The Limits of Academic Philosophy?

I have lately been reading Frank Perkins’s marvelous book Heaven and Earth are Not Humane: The Problem of Evil in Classical Chinese Philosophy (Indiana, 2014). There’s lots of rich and provocative content in the book worth talking about, but at least for right now I want to focus on a different kind of question that Frank raises right at the beginning, on p. 5. Discussing the question of whether Warring States thought is appropriately labelled “philosophy,” he writes that “in practice, [this] is a question about institutions and the power of inclusion and exclusion… Certain boundaries are accepted in practice by almost all academic philosophers.”

In particular:

  • “It would be strange if not illegal to require ethical action as part of a philosophy major.”
  • “Direct involvement of the body is excluded. It would be controversial in almost any philosophy department to have students meditate in class.”
  • “Explicit appeals to authority are excluded from philosophy and taken as fallacious.”

Frank then adds that the issue is not really about philosophy as a discipline, as much as the boundaries we accept for academia as a whole, “which make it impossible for professors in any discipline to do what Zhuangzi or Mengzi themselves were trying to do.” Because the boundaries of academia seem “firmly set,” our choices are then either to ignore early China, or to approach it through these existing rubrics, all the while cognizant of the various distortions that this involves.

My question to you all is: to what extent do we really have to accept the boundaries of academic philosophy as set? Have any of you tried to push at these boundaries, and with what results? Are the three exclusions that Frank raises the key issues, or are there other exclusions (or problematic inclusions) that we might be concerned with as well?

Let me conclude by saying that my premise here is not that we can or even should want to do precisely what Zhuangzi or Mengzi was trying to do. But we might want to come closer to it, in one or another dimension, that academia/philosophy currently make easy. Thoughts?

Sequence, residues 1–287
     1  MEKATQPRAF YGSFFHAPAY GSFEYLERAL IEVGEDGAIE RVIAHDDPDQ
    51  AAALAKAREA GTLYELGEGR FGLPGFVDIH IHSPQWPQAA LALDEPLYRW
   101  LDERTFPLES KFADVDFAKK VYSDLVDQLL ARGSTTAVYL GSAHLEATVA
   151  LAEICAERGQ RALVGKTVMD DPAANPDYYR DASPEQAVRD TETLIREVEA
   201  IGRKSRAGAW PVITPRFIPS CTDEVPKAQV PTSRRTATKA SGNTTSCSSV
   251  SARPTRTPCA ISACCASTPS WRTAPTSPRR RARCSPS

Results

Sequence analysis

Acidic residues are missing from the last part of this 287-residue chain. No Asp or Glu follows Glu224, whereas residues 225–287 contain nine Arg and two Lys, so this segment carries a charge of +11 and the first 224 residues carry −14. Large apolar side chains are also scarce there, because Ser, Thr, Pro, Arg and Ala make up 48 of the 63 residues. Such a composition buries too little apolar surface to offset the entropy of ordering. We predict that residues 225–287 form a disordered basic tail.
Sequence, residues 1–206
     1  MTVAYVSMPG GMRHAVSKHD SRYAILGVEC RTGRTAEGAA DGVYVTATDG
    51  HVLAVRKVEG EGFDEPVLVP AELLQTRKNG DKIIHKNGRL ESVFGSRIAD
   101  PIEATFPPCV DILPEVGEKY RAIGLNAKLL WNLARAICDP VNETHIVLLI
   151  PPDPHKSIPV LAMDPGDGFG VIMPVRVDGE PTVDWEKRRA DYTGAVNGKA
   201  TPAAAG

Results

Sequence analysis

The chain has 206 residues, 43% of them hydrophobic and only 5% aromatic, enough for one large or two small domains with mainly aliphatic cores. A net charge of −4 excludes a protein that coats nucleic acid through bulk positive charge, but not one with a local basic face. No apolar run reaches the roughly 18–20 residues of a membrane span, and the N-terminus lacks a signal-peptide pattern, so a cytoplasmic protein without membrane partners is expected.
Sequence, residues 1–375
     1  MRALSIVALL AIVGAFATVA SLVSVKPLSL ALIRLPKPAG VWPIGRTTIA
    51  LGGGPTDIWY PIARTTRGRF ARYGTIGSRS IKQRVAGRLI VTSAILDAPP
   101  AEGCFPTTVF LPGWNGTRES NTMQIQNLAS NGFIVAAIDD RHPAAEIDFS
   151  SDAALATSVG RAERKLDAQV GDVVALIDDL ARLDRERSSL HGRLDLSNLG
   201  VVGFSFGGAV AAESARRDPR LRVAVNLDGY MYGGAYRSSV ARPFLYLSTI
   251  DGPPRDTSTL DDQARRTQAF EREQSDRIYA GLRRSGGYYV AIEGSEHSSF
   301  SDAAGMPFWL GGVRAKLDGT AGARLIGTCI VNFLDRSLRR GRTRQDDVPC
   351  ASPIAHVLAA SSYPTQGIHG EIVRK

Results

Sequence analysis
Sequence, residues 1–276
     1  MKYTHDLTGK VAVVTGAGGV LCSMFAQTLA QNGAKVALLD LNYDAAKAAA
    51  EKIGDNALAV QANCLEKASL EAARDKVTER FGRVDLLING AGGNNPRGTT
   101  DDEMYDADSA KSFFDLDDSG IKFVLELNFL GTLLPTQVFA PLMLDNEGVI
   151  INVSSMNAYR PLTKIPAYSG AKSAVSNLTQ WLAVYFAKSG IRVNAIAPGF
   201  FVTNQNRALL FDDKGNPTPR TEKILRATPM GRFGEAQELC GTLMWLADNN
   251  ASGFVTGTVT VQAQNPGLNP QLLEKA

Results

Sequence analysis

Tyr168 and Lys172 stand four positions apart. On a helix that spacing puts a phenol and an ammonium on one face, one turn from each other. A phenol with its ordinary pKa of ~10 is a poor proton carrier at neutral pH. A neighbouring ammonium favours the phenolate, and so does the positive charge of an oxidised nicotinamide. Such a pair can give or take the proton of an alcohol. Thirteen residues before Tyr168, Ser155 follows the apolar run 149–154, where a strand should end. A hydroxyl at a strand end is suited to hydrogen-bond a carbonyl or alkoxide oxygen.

16 thoughts on “The Limits of Academic Philosophy?

  1. Does Chan/Zen offer a philosophy? Is it possible to understand Chan without the experience it suggests is possible? Is it not rather that any attempt to ‘understand’ Chan must admit that it can only be an approximate, peripheral description, one that suffers from a lack of the core insight that illuminates the whole? So also with Zhuangzi or any similar philosophy that has some kind of ‘mystical’ experience (in Zhuangzi’s case, one without reference to metaphysical belief) at its core–some kind of similar involvement would seem to be necessary. Academic philosophical analysis is certainly valuable and necessary, but like all inquiries, it is best when aware of and honest about its limitations.

  2. I’ve had students meditate in class. It didn’t occur to me that it would be an issue. (And I’ve also failed students for plagiarism, which is a way of insisting that they be ethical.)

  3. I think that the limits to academic philosophy (especially in regard to non-Western philosophy) are not set in stone, and they are not limits to which many people would explicitly subscribe. I think that the limits (as I see them) are nevertheless real — set up by a certain indolent indifference combined with the professional necessity of doing something that is commonly recognized as being of value. I think this is changing — due perhaps as much to pressures from outside of philosophy faculties as much as anything else — but slowly.

    W/rt putting philosophy into practice, I’ve thought a fair amount about how to add a service learning component to an ethics class. I don’t know how philosophy colleagues would regard that, but it seems like the sort of thing that administrators might welcome.

  4. “Direct involvement of the body is excluded. It would be controversial in almost any philosophy department to have students meditate in class.” — Two quick thoughts when I read this:

    1) Meditation is as much mental as physical — I don’t think exclusion here is directed toward “the body.” Academic philosophy might be inclined to exclude meditation because it seeks, in the normal case, to achieve something, some kind of cognitive or supracognitive state, that can’t be assessed intellectually (though my long ago professor at Berkelely, J.F. Staal argued explicitly against that point in his book on mysticism).